DNR, Foxfire Utilities urge Spring Branch Subdivision residents to flush water lines to remove potential high chlorine levels
For more information: 573-751-1010
Volume 37-408 For Immediate Release: Oct. 30, 2009
JEFFERSON CITY, MO. -- The Missouri Department of Natural Resources and Foxfire Utilities, which operates the drinking water supply serving Spring Branch Subdivision, is urging residents to flush their drinking water lines in their home for 10 to 15 minutes to help remove any remaining high chlorine levels.
Spring Branch Subdivision is located in Benton County. DNR is working with Foxfire Utilities to provide public notices to customers to notify them of high chlorine levels found in their drinking water supply. If customers have specific health concerns they should consult their doctor regarding this notice. People with severely compromised immune systems, infants and some elderly may be at increased risk and should seek advice about drinking the water from their health care providers.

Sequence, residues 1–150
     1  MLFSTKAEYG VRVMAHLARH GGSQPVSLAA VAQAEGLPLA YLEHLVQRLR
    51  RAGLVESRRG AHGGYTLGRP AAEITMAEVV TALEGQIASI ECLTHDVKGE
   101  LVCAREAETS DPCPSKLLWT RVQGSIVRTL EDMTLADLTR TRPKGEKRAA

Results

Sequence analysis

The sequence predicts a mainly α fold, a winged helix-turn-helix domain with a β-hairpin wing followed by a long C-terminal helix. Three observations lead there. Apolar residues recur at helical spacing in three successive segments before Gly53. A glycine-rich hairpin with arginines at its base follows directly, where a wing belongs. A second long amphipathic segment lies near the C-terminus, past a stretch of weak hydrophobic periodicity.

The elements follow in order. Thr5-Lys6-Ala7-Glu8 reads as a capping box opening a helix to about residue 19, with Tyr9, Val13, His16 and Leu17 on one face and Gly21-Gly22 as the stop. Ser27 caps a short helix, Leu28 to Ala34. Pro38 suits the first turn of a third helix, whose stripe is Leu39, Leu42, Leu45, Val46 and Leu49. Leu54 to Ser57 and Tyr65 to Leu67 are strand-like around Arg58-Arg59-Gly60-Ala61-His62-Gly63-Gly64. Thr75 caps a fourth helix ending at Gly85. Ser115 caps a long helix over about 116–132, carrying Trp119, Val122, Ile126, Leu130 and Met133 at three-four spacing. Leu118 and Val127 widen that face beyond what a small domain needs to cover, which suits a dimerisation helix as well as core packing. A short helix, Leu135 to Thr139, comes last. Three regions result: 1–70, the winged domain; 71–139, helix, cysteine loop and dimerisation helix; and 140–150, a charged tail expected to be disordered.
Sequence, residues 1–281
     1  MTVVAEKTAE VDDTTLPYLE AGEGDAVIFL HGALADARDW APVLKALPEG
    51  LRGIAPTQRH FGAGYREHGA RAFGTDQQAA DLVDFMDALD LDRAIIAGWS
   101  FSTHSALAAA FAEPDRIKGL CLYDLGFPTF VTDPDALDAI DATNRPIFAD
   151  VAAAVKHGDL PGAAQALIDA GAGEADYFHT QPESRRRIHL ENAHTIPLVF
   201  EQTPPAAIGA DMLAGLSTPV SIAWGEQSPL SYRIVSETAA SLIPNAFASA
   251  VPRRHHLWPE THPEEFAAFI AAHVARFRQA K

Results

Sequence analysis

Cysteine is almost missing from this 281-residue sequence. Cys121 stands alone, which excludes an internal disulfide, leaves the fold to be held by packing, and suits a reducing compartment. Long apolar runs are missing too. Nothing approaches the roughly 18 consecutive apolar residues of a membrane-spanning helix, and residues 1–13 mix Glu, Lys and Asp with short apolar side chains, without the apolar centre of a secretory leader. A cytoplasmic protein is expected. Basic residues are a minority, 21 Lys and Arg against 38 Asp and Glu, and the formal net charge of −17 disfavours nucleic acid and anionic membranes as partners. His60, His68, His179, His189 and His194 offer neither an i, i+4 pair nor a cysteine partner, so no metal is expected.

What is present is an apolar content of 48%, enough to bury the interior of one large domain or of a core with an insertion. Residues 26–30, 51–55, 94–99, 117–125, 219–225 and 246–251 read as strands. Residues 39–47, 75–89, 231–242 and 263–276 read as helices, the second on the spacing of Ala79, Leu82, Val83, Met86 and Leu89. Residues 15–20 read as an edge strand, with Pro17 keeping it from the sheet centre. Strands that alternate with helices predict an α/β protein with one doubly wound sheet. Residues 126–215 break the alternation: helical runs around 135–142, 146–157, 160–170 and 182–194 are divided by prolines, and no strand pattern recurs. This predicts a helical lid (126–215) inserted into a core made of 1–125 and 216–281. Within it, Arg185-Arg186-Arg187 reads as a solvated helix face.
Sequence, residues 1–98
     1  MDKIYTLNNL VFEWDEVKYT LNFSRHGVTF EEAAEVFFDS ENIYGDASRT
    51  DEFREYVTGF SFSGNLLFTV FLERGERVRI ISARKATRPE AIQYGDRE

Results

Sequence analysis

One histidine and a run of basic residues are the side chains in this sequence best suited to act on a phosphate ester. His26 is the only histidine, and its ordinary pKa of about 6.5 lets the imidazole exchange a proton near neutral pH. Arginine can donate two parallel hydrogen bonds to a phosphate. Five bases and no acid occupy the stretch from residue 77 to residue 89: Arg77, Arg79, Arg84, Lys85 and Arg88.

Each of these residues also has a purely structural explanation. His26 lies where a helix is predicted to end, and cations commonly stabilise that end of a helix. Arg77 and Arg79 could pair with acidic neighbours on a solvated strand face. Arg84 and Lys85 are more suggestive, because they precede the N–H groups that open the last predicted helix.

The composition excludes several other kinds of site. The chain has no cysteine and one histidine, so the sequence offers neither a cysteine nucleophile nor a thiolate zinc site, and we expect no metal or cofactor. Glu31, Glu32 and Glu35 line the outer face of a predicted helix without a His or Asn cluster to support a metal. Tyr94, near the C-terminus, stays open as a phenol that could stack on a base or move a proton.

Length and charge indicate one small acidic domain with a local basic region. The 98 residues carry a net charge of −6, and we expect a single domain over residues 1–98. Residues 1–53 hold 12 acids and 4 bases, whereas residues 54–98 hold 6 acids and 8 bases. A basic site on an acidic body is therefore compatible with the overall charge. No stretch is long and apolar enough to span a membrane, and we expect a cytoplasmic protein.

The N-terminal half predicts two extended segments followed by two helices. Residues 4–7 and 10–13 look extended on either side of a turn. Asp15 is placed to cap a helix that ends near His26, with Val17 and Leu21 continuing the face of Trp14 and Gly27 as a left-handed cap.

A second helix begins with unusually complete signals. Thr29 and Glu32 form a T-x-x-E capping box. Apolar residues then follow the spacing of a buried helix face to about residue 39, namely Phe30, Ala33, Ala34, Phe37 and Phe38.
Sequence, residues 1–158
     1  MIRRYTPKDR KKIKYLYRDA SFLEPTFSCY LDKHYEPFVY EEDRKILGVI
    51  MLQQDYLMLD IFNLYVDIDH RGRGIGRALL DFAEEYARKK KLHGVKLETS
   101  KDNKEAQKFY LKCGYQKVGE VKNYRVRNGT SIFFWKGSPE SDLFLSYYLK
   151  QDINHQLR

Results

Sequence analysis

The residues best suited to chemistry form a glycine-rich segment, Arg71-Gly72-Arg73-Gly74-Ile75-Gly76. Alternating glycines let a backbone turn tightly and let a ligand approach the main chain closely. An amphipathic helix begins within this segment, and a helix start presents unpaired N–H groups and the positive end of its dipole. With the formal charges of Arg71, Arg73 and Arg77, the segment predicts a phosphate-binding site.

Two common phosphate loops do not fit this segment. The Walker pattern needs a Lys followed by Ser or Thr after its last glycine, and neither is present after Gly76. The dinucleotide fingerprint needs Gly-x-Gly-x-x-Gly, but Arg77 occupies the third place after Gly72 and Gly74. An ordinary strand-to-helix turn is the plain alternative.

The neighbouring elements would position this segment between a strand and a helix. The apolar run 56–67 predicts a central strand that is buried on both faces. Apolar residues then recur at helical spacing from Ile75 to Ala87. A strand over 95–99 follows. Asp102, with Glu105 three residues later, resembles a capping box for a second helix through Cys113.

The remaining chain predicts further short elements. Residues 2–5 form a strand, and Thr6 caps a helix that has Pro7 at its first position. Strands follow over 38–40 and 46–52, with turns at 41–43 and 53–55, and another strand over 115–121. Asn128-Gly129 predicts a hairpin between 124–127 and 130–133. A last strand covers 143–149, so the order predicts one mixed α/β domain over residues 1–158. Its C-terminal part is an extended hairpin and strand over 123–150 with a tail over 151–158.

DNR staff were on-site yesterday to assist the water system with correcting the situation. The water system discontinued chlorination practices, and flushed the distribution thoroughly to reduce high chlorine levels. Chlorine levels were returned to lower levels in the afternoon of Oct 29. The water system then turned the chlorination system back on, and will monitor chlorine residuals more closely to maintain acceptable chlorine levels.
DNR conducted an investigation based on a concern received from a resident on Oct. 29. During the investigation, department staff discovered the drinking water at Spring Branch Subdivision exceeded 8.8 mg/l total chlorine. Spring Branch Subdivision is required to routinely monitor the drinking water for chlorine disinfectant levels. The maximum residual disinfectant level for water in the distribution system cannot be above 4.0 mg/l as a running annual average of monthly averages computed quarterly. DNR staff also discovered during the investigation that the utility company's water system staff were not conducting the water tests properly, so it is unknown how long the chlorine residuals were high.
Chlorine is added to drinking water as a part of the disinfection process. Disinfection of drinking water is important to kill and prevent potentially harmful bacteria, viruses and parasites. However, high chlorine levels can cause a variety of hazards. Some people who use drinking water containing chlorine well in excess of the maximum residual disinfectant level could experience irritating effects to their eyes and nose.